A reader recently asked about how after market trading affects options on expiration Friday since options technically expire at 11:59 a.m. on the following Saturday.
The reader wrote: “Some strategies call for allowing ITM options to be exercised and, for others, expecting their ITM options to expire worthless, thus allowing them to keep the premium, find out on Monday that after hours trading drove the options OTM. I am constantly reading up on options, and I find it misleading when people say options expire on Friday, ignoring what can happen to your position after hours.
“I found out the hard way when I was new to options and puts I had bought on SNDK expired OTM — or so I thought — only to wake up Monday morning to a margin call from my broker. I made money in the end because the stock was tanking, but had the stock reversed the following Monday I would have been in trouble! I also noticed that many times for certain stocks that get pinned, the pinning action continues after market.”
There are many moving parts here, so let’s dig in.
Options do expire at 4 p.m. on the third Friday of the month in the sense that they no longer trade. But the stocks themselves keep trading after hours, so, as this reader notes, what’s in-the-money (ITM) at 4 p.m. on Friday can be out-of-the-money (OTM) by 5 p.m., or vice versa.
ITM options will automatically exercise based on the 4 p.m. closing price. The definition of ITM has changed over the years, and will also vary depending on your status and the policies of your clearing firm.
A “professional,” like a market maker, for example, may now automatically exercise options if they are as little as a penny ITM. A “customer” may only auto-exercise if the options are a nickel or dime ITM.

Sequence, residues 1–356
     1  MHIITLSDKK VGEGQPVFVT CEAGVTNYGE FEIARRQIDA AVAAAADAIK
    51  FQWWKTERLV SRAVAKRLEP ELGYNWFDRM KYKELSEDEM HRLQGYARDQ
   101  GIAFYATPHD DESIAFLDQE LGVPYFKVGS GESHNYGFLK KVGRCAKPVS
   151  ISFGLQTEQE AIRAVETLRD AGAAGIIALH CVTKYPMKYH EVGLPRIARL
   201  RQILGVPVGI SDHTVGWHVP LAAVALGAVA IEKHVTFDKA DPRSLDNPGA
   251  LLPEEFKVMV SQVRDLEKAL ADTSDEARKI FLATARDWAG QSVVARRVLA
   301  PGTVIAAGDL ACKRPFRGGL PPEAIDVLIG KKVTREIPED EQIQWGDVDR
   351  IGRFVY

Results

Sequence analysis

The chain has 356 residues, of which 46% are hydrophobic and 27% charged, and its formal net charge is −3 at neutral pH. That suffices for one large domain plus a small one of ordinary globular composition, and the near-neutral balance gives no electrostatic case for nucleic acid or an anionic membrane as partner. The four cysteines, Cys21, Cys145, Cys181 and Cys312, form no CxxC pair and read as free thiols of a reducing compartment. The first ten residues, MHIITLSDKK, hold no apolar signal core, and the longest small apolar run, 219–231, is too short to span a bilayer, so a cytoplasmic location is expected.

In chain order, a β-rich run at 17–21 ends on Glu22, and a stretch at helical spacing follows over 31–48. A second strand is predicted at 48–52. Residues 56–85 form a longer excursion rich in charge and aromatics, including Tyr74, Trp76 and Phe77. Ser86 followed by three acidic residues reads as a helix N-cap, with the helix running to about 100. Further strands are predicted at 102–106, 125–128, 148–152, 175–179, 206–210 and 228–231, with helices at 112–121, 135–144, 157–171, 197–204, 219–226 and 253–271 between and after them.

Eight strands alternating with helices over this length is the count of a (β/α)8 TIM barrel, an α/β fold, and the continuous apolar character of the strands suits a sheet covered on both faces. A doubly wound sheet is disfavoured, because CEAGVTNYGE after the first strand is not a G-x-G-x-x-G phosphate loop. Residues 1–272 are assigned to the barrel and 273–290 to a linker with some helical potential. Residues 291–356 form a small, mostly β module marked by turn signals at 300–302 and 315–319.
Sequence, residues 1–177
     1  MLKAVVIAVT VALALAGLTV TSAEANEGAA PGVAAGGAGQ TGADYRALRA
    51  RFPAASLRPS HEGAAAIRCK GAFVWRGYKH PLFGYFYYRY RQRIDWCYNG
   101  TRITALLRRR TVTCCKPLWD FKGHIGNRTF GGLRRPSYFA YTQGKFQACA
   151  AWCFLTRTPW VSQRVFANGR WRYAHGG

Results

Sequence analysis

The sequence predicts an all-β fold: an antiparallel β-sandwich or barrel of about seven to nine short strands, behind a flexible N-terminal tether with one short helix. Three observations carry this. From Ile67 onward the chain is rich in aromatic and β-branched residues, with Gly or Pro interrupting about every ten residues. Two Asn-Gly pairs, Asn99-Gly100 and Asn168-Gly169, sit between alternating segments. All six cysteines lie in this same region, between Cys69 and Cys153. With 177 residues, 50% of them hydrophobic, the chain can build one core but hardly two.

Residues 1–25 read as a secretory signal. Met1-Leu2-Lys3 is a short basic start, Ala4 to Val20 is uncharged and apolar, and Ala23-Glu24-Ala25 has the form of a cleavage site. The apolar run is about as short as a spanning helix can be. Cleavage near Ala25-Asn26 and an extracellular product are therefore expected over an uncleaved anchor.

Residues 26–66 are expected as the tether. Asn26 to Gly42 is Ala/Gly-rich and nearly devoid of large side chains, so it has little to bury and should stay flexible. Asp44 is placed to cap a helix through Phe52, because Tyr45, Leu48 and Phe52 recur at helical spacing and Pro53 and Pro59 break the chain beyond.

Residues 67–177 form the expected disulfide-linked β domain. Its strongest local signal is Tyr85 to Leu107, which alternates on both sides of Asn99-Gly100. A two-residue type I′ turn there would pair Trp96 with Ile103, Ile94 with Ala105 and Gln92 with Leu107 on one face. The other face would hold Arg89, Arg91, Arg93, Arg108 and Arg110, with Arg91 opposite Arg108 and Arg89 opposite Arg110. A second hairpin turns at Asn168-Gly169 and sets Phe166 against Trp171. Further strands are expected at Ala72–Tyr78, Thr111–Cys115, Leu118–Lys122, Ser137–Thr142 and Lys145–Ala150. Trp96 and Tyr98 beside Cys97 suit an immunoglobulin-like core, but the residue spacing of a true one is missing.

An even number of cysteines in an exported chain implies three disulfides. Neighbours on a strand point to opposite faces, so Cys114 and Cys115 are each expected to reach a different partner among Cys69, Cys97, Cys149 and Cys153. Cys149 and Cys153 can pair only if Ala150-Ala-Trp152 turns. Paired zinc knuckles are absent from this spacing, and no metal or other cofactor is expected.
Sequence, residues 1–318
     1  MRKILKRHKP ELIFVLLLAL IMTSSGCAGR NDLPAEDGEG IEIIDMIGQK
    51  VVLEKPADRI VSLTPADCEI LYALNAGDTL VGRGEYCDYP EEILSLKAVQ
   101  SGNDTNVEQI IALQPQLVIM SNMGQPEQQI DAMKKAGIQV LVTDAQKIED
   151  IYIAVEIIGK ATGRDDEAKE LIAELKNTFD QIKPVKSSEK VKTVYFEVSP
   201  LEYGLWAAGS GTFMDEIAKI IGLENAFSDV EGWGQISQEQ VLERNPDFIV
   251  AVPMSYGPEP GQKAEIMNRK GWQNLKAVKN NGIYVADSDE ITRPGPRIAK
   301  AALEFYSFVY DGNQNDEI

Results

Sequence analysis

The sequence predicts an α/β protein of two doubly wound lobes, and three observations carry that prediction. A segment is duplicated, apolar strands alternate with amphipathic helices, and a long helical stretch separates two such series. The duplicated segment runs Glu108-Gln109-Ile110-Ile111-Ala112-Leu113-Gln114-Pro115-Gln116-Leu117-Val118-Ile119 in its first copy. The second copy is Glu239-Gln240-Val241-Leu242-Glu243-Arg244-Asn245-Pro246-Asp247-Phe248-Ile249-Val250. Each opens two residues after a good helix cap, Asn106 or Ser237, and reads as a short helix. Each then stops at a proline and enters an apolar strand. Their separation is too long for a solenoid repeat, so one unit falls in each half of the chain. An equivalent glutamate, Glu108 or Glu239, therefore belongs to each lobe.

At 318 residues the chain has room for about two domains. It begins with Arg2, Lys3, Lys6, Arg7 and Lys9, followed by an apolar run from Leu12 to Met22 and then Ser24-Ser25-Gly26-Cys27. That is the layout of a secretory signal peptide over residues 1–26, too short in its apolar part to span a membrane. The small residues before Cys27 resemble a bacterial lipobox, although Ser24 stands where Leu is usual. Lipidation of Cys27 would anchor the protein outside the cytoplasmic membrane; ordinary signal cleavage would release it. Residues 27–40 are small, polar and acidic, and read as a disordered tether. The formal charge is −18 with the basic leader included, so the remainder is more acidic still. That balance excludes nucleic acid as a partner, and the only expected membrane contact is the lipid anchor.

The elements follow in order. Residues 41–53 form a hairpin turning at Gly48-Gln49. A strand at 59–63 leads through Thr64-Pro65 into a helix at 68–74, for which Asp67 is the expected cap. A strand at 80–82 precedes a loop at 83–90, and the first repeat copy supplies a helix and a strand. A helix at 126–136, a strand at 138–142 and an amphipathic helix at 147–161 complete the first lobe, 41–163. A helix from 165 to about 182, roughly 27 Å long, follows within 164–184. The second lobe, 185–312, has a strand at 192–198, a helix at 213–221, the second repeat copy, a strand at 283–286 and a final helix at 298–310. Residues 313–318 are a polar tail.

But automatic does not mean obligatory. You can always contact your clearing firm with an “exception.” An exception may take the form of exercising an option that closed OTM at 4 p.m.
Say, for example, XYZ closed at $49.90, and you own expiring calls with a strike price of $50. You may still exercise them, i.e., buy stock at $50.
Why would you do that?
Well suppose that it’s 4:30 p.m., and XYZ is trading at $50.50. You should exercise your calls, and then sell your $50 stock out for a 50-cent profit.
You do not, however, have unlimited time to exercise those options. The reader is correct to state that options technically don’t expire until noon on Saturday. That’s because options don’t “settle” until then as expiration-related D.K.s (i.e., Don’t Knows, or trades where the two sides don’t agree on what they traded) resolve. But, by rule, you must contact your clearing firm with an exception by 5:30 p.m. on Friday.
Does this window get abused? That is, do people somehow exercise options after 5:30 p.m. on expiration Friday and before they settle on Saturday?
Yes. I heard a horror story in ViroPharma Inc. (VPHM) a few years back, where bullish news came out on Sunday, yet someone was prescient enough to exercise OTM calls that opened ITM by Monday.
The moral of the story is, if you have at-the-money (ATM) options still open at 4 p.m. on expiration Friday, follow the after-hours trading.
When in doubt, contact your clearing firm and make your intentions clear so as to avoid margin problems.
If you’re short ATM or near-money options and don’t cover, you’re at the mercy of the system. Ninety-nine times out of 100, nothing will happen, but always keep in mind that the risk extends past the regular 4 p.m. close.
Tell us what you think here.